Eyeing the presidency as a freshman senator, Obama turned to his classmates first for their high-level contacts, and then to help raise campaign cash. Now, they’re putting their day jobs on the backburner to help their friend build a government.
“If you think about the progression of the president-elect’s national career, initially he didn’t have a national network of people who he could call on,” said Cassandra Butts, general counsel for the transition. “The Harvard group was helpful on that front — helping him make introductions on policy, political and financial fronts.”
Besides Butts, other top Harvard grads around Obama include Chris Lu, who will serve as Obama’s liaison with Cabinet departments; Tom Perrelli, who works on the Justice Department transition team; and Julius Genachowski and Michael Froman, who sit on the 12-member Transition Advisory Board.
Turning to decades-old personal relationships is nothing new for presidents. But the depth of Obama’s Harvard ties is notable, potentially outstripping the levels seen during alum John F. Kennedy’s administration, said Julian Zelizer, a presidential historian at Princeton University. “The numbers seem very large to me,” he said.
Harvard was one of just three major touchstones for Obama at the beginning. The world of Chicago politics produced his most influential advisers, including chief campaign strategist David Axelrod and businesswoman Valerie Jarrett. Obama also relied on Washington veterans from his Senate office.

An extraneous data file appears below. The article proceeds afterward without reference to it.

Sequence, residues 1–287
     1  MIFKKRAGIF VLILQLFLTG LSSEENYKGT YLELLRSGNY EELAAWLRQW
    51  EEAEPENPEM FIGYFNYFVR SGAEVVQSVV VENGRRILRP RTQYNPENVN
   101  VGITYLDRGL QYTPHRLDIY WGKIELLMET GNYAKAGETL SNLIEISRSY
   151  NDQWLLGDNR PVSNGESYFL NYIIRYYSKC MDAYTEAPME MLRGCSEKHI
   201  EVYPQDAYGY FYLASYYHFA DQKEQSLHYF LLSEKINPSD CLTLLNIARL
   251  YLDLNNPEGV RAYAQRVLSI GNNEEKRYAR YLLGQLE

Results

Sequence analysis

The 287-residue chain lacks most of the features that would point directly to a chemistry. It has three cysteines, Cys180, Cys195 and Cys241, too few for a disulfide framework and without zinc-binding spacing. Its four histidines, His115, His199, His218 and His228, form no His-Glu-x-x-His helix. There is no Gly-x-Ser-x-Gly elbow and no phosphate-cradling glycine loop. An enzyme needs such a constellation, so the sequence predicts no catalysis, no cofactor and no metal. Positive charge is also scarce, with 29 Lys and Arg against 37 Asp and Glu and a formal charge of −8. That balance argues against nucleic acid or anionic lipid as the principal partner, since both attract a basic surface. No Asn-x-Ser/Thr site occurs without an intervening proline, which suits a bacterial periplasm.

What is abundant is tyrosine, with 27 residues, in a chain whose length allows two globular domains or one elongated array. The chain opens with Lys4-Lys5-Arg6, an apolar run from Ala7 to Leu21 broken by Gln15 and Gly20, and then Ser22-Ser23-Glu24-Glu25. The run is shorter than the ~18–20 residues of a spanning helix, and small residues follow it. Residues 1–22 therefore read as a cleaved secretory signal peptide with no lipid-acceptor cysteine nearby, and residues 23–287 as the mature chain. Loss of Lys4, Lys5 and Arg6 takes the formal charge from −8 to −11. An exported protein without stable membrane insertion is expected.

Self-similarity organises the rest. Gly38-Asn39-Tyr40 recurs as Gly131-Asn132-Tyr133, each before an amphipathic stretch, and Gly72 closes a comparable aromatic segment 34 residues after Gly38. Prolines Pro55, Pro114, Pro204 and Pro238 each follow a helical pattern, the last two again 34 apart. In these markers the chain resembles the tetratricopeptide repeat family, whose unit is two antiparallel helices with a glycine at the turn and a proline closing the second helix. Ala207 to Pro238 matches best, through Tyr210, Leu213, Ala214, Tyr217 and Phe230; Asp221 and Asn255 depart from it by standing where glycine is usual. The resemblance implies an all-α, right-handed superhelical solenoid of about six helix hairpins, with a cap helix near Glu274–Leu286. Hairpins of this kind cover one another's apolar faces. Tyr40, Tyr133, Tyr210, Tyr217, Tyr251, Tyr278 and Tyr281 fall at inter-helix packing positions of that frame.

But it’s the Harvard relationships that reach two decades back, forged during a popular constitutional law class, at the financial aid counter in Pound Hall, in Butts’ kitchen during a dinner party, through long nights at the Harvard Law Review. As distance separated them, Obama was the one to try to stay in touch — penning personal letters in the days before e-mail, picking up the phone to congratulate a friend on the birth of a child.
Still, the Harvard chapter of his life wasn’t the one highlighted on the campaign trail, where Republicans attempted to cast Obama as an elitist. In the gauzy details of biography, he was the son of a single mother who gave up cushy corporate jobs to work the Chicago streets as a community organizer — not the product of Harvard and Columbia University, where he attended college.
Yet now, as Obama stitches together a government, the Harvard crew is taking a prime role. They get up early and go to bed late at night, spending the hours in between sifting through resumes, providing legal advice, and receiving briefings on the inner workings of a vast federal bureaucracy.
The network, although loose, looks like the cross-section of a tree trunk, with a small group of the oldest friends occupying the innermost ring.
Butts, the transition general counsel, bonded with Obama as they filled out the financial aid forms guaranteeing years of debt for their Harvard education. As a Washington operative, Butts would later connect Obama to key figures such as Dick Gephardt during the infancy of his national political career. On the presidential campaign, she served as a domestic policy adviser.
At Harvard, Butts was moot court partners with Perrelli, who first met Obama at the dinner party and served as his managing editor on the Harvard Law Review. Perrelli, a Washington lawyer who had never been a fundraiser, would go on to collect more than $500,000 for Obama’s presidential campaign. He is now part of the Department of Justice transition team.